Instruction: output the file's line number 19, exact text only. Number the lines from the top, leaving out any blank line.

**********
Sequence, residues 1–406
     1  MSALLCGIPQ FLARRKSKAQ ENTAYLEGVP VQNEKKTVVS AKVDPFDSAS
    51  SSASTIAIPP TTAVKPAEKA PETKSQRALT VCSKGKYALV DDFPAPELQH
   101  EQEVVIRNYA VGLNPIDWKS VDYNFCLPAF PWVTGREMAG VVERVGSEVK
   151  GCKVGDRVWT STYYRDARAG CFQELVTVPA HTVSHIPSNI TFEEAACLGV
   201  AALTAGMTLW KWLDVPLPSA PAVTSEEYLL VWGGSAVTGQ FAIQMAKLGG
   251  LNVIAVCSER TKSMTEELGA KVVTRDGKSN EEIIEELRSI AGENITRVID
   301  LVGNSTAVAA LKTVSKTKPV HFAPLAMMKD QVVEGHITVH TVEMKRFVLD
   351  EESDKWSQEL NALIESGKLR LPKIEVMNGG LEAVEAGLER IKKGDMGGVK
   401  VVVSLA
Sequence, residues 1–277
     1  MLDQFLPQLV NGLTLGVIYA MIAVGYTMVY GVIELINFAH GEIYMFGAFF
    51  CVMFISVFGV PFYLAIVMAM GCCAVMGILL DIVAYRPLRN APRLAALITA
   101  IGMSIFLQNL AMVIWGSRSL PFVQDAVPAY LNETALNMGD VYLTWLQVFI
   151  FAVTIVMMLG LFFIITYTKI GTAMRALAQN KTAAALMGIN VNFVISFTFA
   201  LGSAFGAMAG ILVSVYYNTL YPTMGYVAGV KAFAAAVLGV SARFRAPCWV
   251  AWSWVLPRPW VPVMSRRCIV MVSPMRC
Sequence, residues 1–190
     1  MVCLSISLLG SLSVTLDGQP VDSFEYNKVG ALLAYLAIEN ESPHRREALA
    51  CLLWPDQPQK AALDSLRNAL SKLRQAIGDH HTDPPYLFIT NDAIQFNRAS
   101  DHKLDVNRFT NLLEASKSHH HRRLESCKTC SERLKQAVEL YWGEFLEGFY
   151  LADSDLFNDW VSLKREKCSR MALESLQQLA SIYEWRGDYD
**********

     1  MVCLSISLLG SLSVTLDGQP VDSFEYNKVG ALLAYLAIEN ESPHRREALA